Organised criminals have employed hackers to launch a cyber-raid on port systems, pinpointing the locations of containers concealing smuggled drugs and releasing them to bogus drivers.
The impact of cyber-crime on the global ports and shipping industry has been highlighted by revelations made by Europol, the European police force. According to the agency, a number of raids have been carried out this year in the Netherlands and Belgium related to an international drug smuggling ring, focused around the Port of Antwerp.
Worryingly for the industry, a gang of organised criminals recruited internet hackers to break into the port technology systems of two companies in the port. They were then able to identify the location of certain containers in which consignments of drugs had been concealed. The containers were from bona fide shippers, but before the customers were able to collect their goods, the gang had sent in their own drivers. The breach of the technology system not only told the driver where to find the container, but also provided the necessary security codes which enabled the container to be released from the port.
The cyber breach occurred in two different ways. To begin with targeted employees were sent ‘malware’ by the hackers which allowed them to gain access to secure databases. When a firewall was installed to prevent this, the criminals broke into offices and physically installed devices on computers which could detect keystrokes, consequently providing them with passwords.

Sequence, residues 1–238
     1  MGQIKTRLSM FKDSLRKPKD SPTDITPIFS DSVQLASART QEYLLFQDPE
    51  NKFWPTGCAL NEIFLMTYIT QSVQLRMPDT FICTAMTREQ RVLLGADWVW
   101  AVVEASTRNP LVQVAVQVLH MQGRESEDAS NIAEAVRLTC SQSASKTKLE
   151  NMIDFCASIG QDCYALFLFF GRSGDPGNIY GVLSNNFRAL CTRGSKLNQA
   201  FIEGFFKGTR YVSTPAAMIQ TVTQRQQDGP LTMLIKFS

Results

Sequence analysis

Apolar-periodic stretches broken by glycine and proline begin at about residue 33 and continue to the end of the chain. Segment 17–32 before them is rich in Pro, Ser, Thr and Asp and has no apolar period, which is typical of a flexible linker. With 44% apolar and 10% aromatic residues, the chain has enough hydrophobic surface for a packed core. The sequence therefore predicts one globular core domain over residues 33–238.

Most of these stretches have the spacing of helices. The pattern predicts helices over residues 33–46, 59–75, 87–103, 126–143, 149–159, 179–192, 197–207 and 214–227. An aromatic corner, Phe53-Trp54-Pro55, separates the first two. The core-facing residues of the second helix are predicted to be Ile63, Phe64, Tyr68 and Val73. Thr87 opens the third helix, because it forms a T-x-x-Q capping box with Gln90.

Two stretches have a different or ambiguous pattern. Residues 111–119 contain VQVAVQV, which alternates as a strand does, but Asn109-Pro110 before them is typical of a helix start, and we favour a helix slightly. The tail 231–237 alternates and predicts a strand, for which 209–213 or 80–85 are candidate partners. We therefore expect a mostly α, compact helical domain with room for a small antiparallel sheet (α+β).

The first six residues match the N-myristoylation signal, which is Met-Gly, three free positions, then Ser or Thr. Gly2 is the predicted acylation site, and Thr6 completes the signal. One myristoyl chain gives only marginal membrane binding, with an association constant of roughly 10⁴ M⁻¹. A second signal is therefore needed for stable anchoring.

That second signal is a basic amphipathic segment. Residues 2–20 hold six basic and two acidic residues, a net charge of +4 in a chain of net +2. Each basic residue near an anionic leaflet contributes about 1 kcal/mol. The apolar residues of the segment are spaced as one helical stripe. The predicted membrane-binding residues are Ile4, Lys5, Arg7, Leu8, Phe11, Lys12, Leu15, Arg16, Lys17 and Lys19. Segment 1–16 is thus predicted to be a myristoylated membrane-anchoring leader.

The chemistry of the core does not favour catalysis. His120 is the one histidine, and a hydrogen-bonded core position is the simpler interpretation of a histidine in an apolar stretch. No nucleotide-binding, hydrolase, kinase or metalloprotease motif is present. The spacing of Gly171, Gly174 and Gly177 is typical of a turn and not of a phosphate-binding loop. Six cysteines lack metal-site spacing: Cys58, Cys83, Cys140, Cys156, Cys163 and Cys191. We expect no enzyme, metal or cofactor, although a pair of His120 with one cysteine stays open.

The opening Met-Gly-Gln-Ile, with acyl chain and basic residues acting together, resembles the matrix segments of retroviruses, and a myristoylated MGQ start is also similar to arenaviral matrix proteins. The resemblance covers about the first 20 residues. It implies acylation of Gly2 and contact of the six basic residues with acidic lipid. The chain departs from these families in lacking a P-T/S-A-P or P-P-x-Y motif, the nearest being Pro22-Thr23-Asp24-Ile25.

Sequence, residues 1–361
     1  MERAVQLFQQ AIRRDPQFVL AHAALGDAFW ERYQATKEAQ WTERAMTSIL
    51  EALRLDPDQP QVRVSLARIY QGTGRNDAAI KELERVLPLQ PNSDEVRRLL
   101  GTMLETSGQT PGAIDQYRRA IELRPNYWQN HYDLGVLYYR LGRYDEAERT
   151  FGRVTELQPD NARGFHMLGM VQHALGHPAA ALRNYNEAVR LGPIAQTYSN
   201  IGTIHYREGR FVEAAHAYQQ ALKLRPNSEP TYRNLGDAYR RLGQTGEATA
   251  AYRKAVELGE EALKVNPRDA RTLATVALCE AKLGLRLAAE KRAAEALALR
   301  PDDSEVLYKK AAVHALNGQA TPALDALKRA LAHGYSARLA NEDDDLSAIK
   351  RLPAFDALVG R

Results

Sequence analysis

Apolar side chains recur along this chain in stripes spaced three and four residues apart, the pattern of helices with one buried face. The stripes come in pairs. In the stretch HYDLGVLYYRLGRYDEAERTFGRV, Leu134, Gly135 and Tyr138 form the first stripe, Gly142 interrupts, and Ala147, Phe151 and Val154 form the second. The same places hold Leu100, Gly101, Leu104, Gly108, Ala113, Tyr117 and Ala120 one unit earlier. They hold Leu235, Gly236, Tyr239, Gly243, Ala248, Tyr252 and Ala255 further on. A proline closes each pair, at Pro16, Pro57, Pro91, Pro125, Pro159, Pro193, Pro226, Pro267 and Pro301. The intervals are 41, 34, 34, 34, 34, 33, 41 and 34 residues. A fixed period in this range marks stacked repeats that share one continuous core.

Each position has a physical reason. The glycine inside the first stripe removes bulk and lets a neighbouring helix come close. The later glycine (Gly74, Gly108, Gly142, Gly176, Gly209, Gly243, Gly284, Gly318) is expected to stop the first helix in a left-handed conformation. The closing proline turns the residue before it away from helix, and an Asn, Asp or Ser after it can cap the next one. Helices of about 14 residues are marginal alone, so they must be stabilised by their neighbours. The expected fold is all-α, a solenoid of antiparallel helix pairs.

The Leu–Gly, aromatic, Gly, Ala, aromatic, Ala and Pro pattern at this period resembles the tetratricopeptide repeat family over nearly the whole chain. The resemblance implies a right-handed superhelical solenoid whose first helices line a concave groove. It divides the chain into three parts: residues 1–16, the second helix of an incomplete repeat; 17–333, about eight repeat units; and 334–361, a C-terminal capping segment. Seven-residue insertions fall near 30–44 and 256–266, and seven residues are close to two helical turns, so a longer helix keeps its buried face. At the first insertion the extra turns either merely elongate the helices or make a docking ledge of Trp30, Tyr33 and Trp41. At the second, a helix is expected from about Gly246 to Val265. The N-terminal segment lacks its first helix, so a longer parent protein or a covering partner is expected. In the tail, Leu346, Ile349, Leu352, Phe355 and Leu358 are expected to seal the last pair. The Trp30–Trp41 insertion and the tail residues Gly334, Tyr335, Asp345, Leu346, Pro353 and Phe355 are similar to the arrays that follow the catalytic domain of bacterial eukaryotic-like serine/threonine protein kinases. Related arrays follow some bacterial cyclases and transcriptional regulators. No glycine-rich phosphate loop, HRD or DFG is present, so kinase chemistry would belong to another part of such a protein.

In one instance, when the criminals were not able to get to a container before it was removed by the rightful customer, they tracked it out of the port and then hijacked it in Limburg, in an armed raid.
Police have conducted a number of operations themselves, and this has resulted in cocaine and heroin being seized with a street value of several hundred million dollars. They say that the case was an example of organised crime utilising the services of internet hackers who were advertising their services on the ‘dark web’.Commenting on the breach of security, John Manners-Bell, Ti’s CEO and Chair of the World Economic Forum’s Logistics and Supply Chain Agenda Council, said, “The success of the cyber-attack on companies operating in the Port of Antwerp and the subsequent success of the organised gang in subverting container supply chains should send out a very clear message to the industry – cargo crime is moving to a new level of sophistication. If criminals are able to identify and steal containers in which drugs are concealed, there is no reason why they couldn’t use the same method to hijack consignments of high value goods such as electronics and pharmaceuticals. The implications of these revelations for supply chain integrity are enormous.”